|Sciatica: Studies of symptoms, genetic factors, and treatment with periradicular infiltration|
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The self-administered questionnaire items included education, estimation of physical workload, mental job stress, days on sick leave (only sick leaves related to the current sciatic episode), smoking, medical history (including back pain and sciatica) and history of current episode. Job status of those patients currently employed was characterized by a 3-scale classification (sedentary job, mixed job and physical job) (Ilmarinen et al. 1985). Every patient recorded his/her back pain and leg pain on 100-mm VAS scales and disability with the Oswestry Low Back Disability Questionnaire (Fairbank et al. 1980, Grönblad et al. 1993). The patients also estimated their quality-of-life on the Nottingham Health Profile (NHP), using its scale options ranging from 0 (best) to 100 (worst) (Koivukangas et al. 1995). In addition, every patient produced a pain drawing (Uden & Landin 1987).
Blood samples had been collected previously for genomic DNA extraction and analysed for sequence variations in the human COL9A1, COL9A2 and COL9A3 genes (Annunen et al. 1999, Paassilta et al. 1999, Pihlajamaa et al. 1999, Paassilta et al. 2001). The analysis consisted of PCR amplification of all exons and exon boundaries of the genes. The PCR products were subjected to CSGE analysis (Körkkö et al. 1998). Sequence variations observed in CSGE analysis as heteroduplexes were identified by automated sequencing (ABI PRISM™ 377 Sequencer and dRhod Dye Terminator Cycle Sequencing Kit, Perkin Elmer).
Mutation analysis of the 159 sciatic patients revealed 6 Trp2 allele positive cases (4 %), and 34 Trp3 allele positive cases among the remaining 153 sciatic patients (22%). Two of the Trp3 allele positive patients were homozygous for the allele.
The clinical examination took place within the week prior to MRI. The straight leg raising test of the ipsilateral (SLR) and contralateral legs (crossed SLR) was performed in the standard way, and the position where back or leg pain prevented further elevation was recorded with a goniometer to the nearest 5°. Lumbar flexion was measured by the modified Schober procedure (the difference between a 15-cm distance marked on the back of the patient in a standing position and the distance with the patient in full flexion). Sensory and motor defects, and tendon reflexes were examined. The dermatomal distribution of pain radiation was evaluated as normal: For L4 an area centred on the medial aspect of the lower leg; For L5 an area from the medial aspect of the foot across the dorsum of the foot and onto the lateral aspect of the lower leg; For S1 a band from the posterior sacrum along the entire posterior length of the lower limb and to the lateral aspect of the foot (Keegan & Garret 1948, Bogduk 1997a). Big toe extension weakness was used as an L5 root-specific test, abnormal patellar reflex as an L4 root-specific test, and missing ankle reflex as a S1 root-specific test (Agency for Health Care Policy and Research (AHCPR) 1994, Andersson & Deyo 1996).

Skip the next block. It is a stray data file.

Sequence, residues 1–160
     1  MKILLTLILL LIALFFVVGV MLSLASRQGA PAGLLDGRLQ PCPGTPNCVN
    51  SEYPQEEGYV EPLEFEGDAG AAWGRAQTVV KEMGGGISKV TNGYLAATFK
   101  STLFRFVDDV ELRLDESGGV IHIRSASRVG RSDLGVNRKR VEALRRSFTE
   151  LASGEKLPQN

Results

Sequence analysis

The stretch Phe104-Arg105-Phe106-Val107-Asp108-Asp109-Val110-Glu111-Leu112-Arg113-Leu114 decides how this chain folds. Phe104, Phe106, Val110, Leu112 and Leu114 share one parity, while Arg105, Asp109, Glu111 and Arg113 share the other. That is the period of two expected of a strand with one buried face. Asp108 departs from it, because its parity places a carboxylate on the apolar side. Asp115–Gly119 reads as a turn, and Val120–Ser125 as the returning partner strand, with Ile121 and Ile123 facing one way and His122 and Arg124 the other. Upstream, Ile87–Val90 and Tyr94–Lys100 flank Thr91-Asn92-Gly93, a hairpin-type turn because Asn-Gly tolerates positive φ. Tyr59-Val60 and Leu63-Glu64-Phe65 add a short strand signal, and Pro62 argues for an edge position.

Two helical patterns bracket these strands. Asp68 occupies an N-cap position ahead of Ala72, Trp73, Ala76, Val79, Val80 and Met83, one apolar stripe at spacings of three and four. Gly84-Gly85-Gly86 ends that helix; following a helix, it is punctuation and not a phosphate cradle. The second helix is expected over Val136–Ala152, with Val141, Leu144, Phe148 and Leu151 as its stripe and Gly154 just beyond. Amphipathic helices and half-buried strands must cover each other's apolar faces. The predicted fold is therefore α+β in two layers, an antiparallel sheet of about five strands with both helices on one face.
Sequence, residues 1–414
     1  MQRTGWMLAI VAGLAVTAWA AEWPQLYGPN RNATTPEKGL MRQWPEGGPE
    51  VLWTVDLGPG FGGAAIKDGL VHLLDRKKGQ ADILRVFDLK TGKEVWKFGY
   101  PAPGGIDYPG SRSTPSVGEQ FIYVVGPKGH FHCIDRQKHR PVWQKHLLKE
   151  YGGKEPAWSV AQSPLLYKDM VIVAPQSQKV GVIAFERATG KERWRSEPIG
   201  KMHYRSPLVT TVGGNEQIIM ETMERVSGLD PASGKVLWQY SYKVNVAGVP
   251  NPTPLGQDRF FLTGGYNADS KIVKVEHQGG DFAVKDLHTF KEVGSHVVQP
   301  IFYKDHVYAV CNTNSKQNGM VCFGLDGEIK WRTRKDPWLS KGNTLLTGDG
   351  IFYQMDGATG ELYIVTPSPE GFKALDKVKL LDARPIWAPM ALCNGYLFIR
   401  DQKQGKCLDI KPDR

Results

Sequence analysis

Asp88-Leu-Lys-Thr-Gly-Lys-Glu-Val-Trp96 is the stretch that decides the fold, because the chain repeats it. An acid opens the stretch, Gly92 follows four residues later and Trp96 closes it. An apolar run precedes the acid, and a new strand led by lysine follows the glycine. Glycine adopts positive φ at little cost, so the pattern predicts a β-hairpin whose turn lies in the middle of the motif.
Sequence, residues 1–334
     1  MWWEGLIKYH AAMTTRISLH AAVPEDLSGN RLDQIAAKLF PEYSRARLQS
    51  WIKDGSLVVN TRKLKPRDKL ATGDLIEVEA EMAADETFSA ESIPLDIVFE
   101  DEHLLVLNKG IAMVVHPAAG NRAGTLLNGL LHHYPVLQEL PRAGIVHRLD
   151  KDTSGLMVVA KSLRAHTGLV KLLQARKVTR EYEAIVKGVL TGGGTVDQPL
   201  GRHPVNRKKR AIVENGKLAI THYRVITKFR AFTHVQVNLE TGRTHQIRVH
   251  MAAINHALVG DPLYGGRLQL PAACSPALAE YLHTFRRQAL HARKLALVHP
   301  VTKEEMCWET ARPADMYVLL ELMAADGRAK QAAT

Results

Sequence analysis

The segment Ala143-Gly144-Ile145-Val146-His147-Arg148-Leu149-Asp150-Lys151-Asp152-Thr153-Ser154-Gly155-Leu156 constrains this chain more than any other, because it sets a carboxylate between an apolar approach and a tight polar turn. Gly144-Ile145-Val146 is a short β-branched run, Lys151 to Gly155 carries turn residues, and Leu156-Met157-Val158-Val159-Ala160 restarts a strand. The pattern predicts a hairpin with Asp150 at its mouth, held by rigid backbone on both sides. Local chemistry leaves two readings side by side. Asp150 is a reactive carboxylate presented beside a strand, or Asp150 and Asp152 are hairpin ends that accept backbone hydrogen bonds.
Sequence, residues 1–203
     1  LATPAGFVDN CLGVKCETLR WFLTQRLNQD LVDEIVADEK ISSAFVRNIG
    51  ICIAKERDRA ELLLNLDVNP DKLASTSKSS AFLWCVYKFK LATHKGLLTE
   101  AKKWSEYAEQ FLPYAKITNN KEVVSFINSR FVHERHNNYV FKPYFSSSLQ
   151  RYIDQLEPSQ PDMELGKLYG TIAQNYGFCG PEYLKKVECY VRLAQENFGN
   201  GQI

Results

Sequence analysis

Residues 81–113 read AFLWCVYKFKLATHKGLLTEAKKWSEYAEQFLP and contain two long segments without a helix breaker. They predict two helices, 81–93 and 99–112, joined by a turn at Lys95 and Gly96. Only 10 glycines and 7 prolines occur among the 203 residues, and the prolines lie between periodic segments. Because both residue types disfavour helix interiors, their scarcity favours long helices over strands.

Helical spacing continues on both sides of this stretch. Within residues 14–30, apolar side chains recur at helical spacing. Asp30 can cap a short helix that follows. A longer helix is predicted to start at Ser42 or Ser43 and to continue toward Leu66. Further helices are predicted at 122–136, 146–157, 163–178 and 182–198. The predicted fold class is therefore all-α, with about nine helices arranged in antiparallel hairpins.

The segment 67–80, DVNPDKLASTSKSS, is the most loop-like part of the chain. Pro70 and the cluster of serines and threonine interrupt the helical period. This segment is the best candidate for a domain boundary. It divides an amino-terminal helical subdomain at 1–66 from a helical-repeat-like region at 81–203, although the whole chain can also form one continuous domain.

MRI scans were obtained with a 1.5-T imaging system (Signa, General Electric, Milwaukee, Wisconsin) consisting of sagittal images with a repetition time (TR) of 4000 msec and echo time (TE) of 95 msec (T2-weighted) and axial images with a TR/TE of 640/14 msec (T1-weighted) before and immediately after intravenous injection of gadolinium-diethylenetriamine pentaacetic acid (0.1 mmol/kg Gd-DTPA, Magnevist, Schering, Berlin, Germany). Frequency-selected fat saturation was used for the postcontrast axial images. The technical specifications included a slice thickness of 4 mm with interslice gaps of 1.0 and 0.5 mm, a field of view of 30 and 20 cm for sagittal and axial images, respectively, and a matrix of 192 by 256/ two excitations (NEX). All images were read by two experienced MRI -radiologists blinded to the clinical status of the patients. In the case of any discrepancies between the radiologists, a consensus was reached before the final grading.